When I was a kid I hated Sundays….dreaded to see Saturday go and those deathly quiet Sundays come around. I grew up in a little farming community in central California and, back then, just about everything shut down on Sundays. Businesses did so for fear that their church-going customers might demonize them for doing business on the lord's day. And, since a big old slice of America attended church, they often came home and just lazed around the house, also committed to not working on Sundays.
But kids hate quiet; they revel in the cacophony of boisterous sounds of play, of lawnmowers and hedge trimmers and the engine revs of a Saturday morning tuneup, of school field football games, and the piff of sling shots firing pebbles at the warring sparrows.
So Sunday would settle in with a deathly quiet. The fog seemed to linger a bit longer, fighting for dominance with the rising sun. And, in our house, Sunday meant having to go to Sunday school and enduring the attempts to salvage our rebelling youthful souls. Our particular Sunday school was especially hellish as we had the pastor's wife in one of those fire and brimstone Baptist churches as our Sunday school teacher. She would greet us with a smile but, within minutes, open up the book of Revelations and cite all the signs that pointed to the end of the world, thus the need to cleanse our sinful souls. After an hour long religious tirade we would at last be free to scurry out to the church bus that would ferry us home. As reward for our Sunday School attendance, the driver would hand us a candy bar, or an ice cream as we got off the bus…I suspect were it not for that little religious bribe we would have given our mother far more grief about having to go to church.
After church we would have lunch at home, turn on the TV only to find early afternoon religious programs, again telling us of our sure fire hell awaiting us, then silence the TV and wander out into the streets, looking for a little "action", any action that would drive away the Sunday blahs.
For a short time during those youthful Sundays we had a benefactor, a family friend, who would give us a quarter for a movie ticket and popcorn for a Sunday matinee, one of the few avenues of entertainment available on the seventh day. The theater made sure the film shown on the Sunday matinee had some socially redeeming value so as not to offend the parents. Those Sunday movies included The Ten Commandments, Ben Hur or some other biblical spectacle meant to keep us on the straight and narrow. At other times a Disney movie would be shown.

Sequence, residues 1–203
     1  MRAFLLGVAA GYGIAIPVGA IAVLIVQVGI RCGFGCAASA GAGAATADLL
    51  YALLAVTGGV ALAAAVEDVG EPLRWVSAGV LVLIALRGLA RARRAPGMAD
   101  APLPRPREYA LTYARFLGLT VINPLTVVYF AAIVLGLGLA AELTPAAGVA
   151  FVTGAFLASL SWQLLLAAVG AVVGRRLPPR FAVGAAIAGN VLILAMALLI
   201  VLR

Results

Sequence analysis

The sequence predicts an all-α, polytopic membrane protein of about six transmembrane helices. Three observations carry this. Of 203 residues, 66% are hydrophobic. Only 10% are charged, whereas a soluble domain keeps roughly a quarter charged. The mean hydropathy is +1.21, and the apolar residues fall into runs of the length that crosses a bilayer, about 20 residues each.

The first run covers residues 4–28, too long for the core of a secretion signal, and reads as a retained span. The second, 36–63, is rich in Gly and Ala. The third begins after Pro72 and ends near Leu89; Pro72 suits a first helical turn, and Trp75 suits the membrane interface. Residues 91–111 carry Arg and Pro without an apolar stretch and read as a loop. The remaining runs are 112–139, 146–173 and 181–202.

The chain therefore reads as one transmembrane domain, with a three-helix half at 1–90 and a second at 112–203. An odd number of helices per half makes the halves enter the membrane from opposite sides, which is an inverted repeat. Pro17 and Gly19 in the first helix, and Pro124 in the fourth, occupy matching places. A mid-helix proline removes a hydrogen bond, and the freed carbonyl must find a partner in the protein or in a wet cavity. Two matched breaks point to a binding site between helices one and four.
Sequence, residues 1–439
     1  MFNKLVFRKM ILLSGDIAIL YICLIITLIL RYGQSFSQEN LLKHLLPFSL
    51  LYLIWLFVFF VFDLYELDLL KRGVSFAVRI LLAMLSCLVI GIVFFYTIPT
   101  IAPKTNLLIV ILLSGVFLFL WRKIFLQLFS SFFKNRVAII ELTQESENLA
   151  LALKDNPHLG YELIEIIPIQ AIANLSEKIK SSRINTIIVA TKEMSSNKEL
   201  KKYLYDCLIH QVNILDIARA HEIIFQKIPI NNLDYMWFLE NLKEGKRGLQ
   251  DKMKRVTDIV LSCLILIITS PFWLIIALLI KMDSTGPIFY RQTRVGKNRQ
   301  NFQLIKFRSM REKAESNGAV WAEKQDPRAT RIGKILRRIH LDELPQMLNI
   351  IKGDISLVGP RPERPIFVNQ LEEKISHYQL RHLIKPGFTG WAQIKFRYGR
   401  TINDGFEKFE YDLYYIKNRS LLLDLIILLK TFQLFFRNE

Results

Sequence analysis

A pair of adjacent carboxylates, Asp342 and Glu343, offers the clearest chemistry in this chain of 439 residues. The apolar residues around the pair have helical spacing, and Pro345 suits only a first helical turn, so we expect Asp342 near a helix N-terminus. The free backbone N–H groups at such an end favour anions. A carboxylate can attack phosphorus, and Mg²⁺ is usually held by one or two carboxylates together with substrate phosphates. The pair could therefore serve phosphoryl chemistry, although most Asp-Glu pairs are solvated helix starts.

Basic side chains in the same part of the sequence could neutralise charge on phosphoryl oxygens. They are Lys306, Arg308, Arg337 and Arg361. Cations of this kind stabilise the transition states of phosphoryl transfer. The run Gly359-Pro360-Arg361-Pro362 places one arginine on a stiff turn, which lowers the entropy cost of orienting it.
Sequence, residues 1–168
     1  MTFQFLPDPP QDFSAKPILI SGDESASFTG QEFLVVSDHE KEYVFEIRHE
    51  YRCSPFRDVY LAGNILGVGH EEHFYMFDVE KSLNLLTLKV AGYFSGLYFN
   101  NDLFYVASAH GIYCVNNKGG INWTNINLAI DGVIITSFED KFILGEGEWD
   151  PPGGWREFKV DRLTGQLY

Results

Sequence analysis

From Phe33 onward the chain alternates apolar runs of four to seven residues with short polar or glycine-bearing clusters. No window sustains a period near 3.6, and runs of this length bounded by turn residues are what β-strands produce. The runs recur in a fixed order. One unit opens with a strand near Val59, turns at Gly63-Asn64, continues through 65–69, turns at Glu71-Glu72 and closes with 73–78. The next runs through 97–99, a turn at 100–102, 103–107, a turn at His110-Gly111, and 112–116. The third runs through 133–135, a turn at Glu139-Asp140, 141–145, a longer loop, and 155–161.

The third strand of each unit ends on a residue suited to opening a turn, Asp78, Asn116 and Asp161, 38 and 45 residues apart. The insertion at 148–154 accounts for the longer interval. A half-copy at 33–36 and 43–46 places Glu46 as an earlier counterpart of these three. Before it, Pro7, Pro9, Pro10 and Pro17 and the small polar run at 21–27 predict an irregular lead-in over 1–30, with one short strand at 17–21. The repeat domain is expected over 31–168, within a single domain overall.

Strangely, now, after living through over 3,000 of those Sundays, I find them to be fine day indeed. I relish the hush of an early Sunday morning, the rising to the aroma of fresh brewed coffee, a clean crisp Sunday paper to pore over. If I'm feeling a might "peppery" I can tune into the three Sunday morning talks shows and curse political idiocy, or I can just seek further respite out on the back patio with a second cup of coffee.
By the time I've had my fill of the quietude of morning, in football season I can warm up the chili, throw a few dogs on the grill, heat up the Cheeze Whiz, break out the Doritos and park myself in my recliner for a full day of modern day savagery!
So Sundays are pretty good these days! If I need a six pack of beer, or tube socks, or a dozen eggs, the Money Changers are in the temple over at Walmart and Target and every other business, none of them ever again fearful of a religious rebuke for operating on Sundays.
And, if all I want is to luxuriate in the hushed tones of quietude, if I yearn only to hear my own feet shuffling across the room, or to listen to the morning calls of a family of doves, I can do that too.
I guess the only thing I would ask for, should I have a choice, is to not die on a Sunday. I think I would prefer to go out with a bang…perhaps to the sounds of a John Phillips Sousa march as I take that first step toward my ultimate judgement….no fire and brimstone prayers for me, ever……please.